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We like to think of drug abusers as “them,” people other than us. That is wrong, says the International Narcotics Control Board in its annual report released last week. It highlights the over-consumption of controlled drugs in developed countries. And it underlines the culture that makes drug use so prevalent — and makes control of abuse so difficult.

The INCB report said there is growing acceptance of the use of controlled drugs to correct mood and behavior in everything from depression to eating habits. According to Professor Hamid Ghodse, president of the panel of experts that produced the report, “up to 70 percent of long-term use of psychotropic drugs is irrelevant and often prescribed for social reasons.”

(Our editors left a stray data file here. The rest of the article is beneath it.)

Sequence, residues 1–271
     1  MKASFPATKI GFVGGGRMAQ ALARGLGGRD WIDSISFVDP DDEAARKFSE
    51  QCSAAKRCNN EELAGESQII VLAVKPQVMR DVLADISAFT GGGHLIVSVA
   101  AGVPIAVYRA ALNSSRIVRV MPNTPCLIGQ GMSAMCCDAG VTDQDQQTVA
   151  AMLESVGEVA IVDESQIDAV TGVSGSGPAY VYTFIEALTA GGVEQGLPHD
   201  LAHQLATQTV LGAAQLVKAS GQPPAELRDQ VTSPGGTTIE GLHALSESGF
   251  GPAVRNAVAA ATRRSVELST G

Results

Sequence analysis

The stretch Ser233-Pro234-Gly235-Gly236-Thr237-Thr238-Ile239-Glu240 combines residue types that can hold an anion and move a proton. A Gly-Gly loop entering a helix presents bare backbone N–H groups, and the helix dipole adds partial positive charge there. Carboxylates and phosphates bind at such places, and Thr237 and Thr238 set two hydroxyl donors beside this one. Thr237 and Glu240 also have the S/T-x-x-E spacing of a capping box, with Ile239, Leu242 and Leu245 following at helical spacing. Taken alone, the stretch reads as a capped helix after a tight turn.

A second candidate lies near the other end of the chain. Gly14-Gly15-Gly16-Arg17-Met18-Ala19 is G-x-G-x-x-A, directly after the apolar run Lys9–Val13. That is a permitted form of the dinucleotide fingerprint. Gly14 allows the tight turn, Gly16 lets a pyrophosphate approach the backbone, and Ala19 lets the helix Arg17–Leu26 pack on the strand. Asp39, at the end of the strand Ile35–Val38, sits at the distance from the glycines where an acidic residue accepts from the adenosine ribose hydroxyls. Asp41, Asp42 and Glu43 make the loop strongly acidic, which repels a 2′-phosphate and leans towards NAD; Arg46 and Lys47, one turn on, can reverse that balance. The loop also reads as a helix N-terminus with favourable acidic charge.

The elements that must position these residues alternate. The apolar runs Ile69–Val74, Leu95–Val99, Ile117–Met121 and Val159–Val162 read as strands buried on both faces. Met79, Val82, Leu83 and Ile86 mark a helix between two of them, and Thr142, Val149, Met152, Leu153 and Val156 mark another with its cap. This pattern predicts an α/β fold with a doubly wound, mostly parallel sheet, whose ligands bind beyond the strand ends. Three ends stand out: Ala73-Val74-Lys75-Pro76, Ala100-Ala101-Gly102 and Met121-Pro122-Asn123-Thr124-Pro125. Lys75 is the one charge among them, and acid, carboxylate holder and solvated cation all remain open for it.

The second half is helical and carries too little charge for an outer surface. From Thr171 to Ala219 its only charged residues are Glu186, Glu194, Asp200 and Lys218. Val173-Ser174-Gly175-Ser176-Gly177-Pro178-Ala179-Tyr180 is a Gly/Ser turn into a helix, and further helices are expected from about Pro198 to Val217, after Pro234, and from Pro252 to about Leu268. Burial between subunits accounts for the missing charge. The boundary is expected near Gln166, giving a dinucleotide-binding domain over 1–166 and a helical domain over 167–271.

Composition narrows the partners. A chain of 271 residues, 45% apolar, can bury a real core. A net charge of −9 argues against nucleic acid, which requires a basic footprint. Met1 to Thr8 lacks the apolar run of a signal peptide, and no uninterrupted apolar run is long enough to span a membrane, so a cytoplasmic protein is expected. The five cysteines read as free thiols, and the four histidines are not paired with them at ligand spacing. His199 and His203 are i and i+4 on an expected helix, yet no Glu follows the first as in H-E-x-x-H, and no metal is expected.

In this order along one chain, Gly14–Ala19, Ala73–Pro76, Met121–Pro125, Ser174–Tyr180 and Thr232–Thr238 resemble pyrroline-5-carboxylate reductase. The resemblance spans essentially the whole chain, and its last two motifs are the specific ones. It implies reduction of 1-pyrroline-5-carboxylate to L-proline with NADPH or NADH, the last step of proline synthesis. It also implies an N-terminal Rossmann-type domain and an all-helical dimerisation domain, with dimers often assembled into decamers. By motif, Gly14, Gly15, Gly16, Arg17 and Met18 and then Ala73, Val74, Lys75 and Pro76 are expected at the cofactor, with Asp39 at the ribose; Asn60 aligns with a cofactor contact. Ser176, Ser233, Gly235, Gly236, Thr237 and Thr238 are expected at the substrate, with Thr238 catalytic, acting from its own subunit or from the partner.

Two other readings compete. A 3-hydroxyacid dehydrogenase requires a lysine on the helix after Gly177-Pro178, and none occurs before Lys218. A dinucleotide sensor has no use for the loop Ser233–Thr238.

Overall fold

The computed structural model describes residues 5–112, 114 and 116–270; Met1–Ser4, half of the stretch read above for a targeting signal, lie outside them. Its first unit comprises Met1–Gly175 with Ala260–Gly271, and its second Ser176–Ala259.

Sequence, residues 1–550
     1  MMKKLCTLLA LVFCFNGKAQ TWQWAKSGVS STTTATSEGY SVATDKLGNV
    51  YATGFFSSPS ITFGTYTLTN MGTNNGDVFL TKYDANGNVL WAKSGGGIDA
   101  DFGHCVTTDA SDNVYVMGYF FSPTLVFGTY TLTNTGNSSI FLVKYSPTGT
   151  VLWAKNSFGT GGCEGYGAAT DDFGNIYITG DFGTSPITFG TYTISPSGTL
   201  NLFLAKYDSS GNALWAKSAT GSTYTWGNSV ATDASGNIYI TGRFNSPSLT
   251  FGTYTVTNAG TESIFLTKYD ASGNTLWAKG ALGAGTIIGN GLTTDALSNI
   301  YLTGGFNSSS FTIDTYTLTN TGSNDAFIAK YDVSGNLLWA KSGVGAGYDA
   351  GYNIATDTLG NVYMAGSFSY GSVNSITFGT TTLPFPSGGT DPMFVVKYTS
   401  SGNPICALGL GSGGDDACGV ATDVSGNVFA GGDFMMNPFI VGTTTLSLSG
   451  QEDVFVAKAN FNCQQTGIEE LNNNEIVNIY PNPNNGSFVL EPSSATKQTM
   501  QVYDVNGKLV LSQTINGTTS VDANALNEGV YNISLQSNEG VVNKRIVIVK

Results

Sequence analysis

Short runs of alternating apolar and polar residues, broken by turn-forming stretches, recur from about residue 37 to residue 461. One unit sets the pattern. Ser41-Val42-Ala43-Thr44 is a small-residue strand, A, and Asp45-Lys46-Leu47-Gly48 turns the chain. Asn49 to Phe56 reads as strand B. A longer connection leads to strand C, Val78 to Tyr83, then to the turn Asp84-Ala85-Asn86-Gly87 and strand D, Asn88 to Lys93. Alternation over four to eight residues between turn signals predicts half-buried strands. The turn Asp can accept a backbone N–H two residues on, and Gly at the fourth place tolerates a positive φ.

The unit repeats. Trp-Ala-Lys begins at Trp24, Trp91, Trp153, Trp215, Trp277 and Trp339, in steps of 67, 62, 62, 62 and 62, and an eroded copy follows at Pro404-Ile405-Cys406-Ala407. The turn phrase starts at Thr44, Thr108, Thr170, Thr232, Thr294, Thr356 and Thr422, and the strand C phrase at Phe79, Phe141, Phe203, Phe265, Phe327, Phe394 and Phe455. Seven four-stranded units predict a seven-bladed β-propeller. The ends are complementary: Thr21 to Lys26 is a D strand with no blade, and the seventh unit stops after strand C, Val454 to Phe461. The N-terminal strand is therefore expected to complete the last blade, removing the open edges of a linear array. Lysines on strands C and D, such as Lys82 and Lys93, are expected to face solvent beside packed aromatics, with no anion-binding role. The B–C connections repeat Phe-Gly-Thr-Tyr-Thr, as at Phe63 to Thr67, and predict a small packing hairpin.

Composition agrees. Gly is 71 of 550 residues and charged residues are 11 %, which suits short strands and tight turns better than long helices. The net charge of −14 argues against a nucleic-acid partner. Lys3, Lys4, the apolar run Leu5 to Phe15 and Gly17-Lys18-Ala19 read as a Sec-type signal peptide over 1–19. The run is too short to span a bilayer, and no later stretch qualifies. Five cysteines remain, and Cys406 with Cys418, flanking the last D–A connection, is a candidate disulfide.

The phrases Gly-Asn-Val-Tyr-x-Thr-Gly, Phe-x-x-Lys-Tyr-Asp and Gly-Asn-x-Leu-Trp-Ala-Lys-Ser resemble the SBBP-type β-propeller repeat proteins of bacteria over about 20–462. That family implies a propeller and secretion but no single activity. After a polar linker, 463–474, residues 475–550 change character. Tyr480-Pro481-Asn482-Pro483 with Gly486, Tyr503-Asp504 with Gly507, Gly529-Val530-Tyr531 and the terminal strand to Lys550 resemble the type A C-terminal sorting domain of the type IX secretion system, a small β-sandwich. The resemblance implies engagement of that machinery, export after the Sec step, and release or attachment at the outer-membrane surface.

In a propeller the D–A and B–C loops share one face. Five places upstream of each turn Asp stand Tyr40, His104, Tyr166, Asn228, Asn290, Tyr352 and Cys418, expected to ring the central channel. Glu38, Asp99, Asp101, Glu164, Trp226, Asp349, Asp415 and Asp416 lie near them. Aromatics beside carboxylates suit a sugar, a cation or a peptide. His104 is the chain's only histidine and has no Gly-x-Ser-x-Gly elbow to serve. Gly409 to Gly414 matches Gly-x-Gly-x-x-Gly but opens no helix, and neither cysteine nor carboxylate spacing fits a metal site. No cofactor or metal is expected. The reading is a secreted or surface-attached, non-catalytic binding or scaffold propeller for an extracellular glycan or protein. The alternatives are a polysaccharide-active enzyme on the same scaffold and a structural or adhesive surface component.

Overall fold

The views of the generation that aggressively challenged social mores about drug use are now mainstream. While taboos over the illegal use of soft drugs have eroded, attitudes toward use of legal drugs have changed in tandem. Aggressive marketing by drug companies has encouraged legal drug use; the Internet has made it easier to procure them. The INCB report notes that it has also increased the potential for error and intentional misuse.

The legal drug problem identified by the INCB is a part of the illegal drug problem that most governments focus on. Drug use involves supply and demand. Most high-visibility antidrug programs focus only on supply, yet the only way to eliminate the menace is to attack the demand side of the equation as well.

Treatment for the users of illegal drugs is critical, but countries also have to be alert to the dangers posed by relaxed social attitudes to legal drugs. The instinctive reach for some substance to “fix” a problem only contributes to the drug crisis in societies. Drug abuse is drug abuse, whether the drugs are legal or not.

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